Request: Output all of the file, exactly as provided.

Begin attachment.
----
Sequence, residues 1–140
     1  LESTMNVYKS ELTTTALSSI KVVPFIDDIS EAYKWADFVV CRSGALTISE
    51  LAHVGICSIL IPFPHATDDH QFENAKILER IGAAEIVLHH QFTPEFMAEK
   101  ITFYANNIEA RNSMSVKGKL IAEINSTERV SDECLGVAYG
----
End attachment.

Sequence, residues 1–140
     1  LESTMNVYKS ELTTTALSSI KVVPFIDDIS EAYKWADFVV CRSGALTISE
    51  LAHVGICSIL IPFPHATDDH QFENAKILER IGAAEIVLHH QFTPEFMAEK
   101  ITFYANNIEA RNSMSVKGKL IAEINSTERV SDECLGVAYG